Manufactured in the United Kingdom by Westland Helicopters, India's Sea Kings were built under license from Sikorsky, a U.S. helicopter company, and incorporate U.S.-origin parts. After India conducted five nuclear tests, the United States, as mandated under the Arms Export Control Act, imposed comprehensive sanctions on India. The sanctions, which barred the sale of defense articles and services, froze work being done in the United Kingdom to service some of the Indian helicopters.

Indian government officials and press have claimed that roughly 60 percent of the Sea King fleet is grounded and that the operations of flyable aircraft are severely limited. India has purchased a total of 42 Sea Kings, which perform anti-submarine and search and rescue operations. Clinton's waiver covers some 200 individual components, according to a Westland Helicopters spokesman, who noted the action will enable only a "handful" of India's helicopters to resume activity.

New Delhi had lobbied the United States to lift the sanctions. By some accounts, India enlisted British support by suggesting that it would be more likely to conclude negotiations for the purchase of as many as 66 British Hawk trainer aircraft if London would talk to Washington on its behalf. Recent news reports suggest India may close the Hawk deal by April. None of the three governments would comment.

A State Department official, however, confirmed that an incident in which a U.S. sailor was emergency air lifted by an Indian Sea King helicopter to a hospital to receive urgent medical attention factored in the Clinton decision. The official emphasized that the Sea King's capability to perform search and rescue missions in general was an important consideration.

India, Russia Finalize Battle Tank Contract

Russia and India concluded a contract for 310 T-90 battle tanks February 15 in New Delhi, finalizing an agreement initially set for signing last fall. Under the terms of the deal, India will receive 124 of Russia's top-of-the-line tanks directly from Moscow and assemble another 186 at a domestic plant. The final price tag, not publicly revealed, is estimated at between $600 million and $750 million.

Russian President Vladimir Putin was scheduled to sign the contract last October during his first visit to India, but last-minute haggling over the price and initial payment delayed the deal, which India claims will offset Pakistan's 1996 purchase of 320 T-80UD tanks from Ukraine. Russia lowered its price over the past few months, enabling Russian Deputy Premier Ilya Klebanov and Indian Defense Minister George Fernandes to sign the contract. The two officials reportedly discussed further arms deals, including the possible lease of four Tu-22M Backfire bombers to India.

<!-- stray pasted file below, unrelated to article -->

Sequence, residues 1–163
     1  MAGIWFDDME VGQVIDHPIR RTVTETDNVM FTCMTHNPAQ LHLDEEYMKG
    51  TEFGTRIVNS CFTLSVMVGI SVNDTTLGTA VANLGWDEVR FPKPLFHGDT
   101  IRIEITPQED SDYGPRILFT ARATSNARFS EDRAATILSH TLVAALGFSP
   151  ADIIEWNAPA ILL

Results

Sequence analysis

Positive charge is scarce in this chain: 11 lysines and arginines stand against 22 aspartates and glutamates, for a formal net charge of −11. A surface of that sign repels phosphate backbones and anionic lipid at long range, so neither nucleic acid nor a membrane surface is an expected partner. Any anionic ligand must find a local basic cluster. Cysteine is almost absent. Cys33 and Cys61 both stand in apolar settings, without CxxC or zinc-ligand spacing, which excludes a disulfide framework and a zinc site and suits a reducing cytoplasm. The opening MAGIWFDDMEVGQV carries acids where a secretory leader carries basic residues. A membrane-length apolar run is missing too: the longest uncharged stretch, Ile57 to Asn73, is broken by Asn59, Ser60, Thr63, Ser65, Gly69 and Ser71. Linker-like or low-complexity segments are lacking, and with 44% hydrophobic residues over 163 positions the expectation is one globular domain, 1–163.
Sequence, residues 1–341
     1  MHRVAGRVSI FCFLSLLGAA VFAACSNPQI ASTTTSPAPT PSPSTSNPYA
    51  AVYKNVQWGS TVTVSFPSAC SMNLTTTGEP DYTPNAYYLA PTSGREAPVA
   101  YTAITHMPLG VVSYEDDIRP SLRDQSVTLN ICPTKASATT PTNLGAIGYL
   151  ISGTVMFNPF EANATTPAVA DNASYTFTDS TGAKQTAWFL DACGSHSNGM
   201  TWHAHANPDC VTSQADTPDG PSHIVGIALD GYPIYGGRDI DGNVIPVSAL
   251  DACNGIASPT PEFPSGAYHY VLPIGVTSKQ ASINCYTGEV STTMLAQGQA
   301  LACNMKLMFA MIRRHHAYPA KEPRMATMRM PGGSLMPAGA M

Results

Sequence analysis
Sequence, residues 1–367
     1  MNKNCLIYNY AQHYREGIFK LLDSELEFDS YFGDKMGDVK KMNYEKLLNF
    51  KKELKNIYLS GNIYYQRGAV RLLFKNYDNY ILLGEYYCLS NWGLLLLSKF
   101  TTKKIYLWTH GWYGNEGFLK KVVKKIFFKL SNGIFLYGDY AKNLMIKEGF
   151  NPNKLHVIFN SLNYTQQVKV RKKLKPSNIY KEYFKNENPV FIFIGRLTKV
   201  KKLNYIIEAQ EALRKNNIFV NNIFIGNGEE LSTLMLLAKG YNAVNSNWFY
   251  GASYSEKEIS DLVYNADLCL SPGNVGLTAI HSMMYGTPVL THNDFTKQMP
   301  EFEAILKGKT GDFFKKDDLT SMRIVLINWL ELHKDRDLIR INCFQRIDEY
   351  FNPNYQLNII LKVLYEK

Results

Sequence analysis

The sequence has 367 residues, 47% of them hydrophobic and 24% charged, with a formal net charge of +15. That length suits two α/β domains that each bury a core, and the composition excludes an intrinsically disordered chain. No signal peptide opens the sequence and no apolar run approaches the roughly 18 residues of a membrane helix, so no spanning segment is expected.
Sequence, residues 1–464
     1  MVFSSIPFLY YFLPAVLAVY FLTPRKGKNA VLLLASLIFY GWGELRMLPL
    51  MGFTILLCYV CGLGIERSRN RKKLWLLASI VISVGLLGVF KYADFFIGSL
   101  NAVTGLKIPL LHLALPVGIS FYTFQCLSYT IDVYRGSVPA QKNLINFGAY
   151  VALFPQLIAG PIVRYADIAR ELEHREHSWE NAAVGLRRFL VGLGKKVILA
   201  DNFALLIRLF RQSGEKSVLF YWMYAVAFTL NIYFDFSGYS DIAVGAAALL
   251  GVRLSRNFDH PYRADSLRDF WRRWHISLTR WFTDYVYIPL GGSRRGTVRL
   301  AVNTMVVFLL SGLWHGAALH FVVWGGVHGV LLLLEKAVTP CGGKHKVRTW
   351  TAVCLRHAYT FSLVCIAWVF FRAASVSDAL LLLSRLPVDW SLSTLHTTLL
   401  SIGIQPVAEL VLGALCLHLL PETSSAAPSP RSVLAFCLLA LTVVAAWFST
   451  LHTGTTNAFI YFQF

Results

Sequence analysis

Completion of the tank deal removed one more item from a list of pending arms buys left outstanding from last October. On December 28 last year, the two countries signed an estimated $3 billion agreement—preliminarily approved in October—for Indian manufacture of 140 Su-30MKI fighter aircraft under licensed production from Russia. Still awaiting final resolution is India's expected acquisition of the Russian aircraft carrier Admiral Gorshkov and possibly MiG-29K fighters to outfit it.

Russia is also reportedly selling India, as well as North Korea, portable anti-aircraft missile systems. Russia and the 32 other countries of the Wassenaar Arrangement pledged last December to abide by strict, though not legally binding, guidelines for exporting such weapons. (See ACT, January/February 2001.) A U.S. government official said Washington is "engaging" Russia on the purported sales.

Russia Ships Nuclear Fuel to India

In apparent violation of its non-proliferation commitments, Russia followed through in February with a deal to ship low-enriched uranium to India's nuclear power station at Tarapur. The Tarapur site, located in the state of Maharashtra, contains two U.S.-built 160-megawatt light-water reactors that the United States supplied with fuel until 1980.

The deal, which was reportedly made in August, has raised objections from Washington. A February 16 statement by State Department spokesman Philip Reeker expressed deep "regret" over Russia's "violation" of its commitments as a member of the Nuclear Suppliers Group (NSG). The group, a 39-nation regime of nuclear supplier states, has undertaken not to transfer nuclear materials or technology to non-nuclear-weapon states without International Atomic Energy Agency (IAEA) safeguards at all their nuclear sites. While the Tarapur reactors have been under IAEA safeguards since 1994, other Indian nuclear sites are not safeguarded.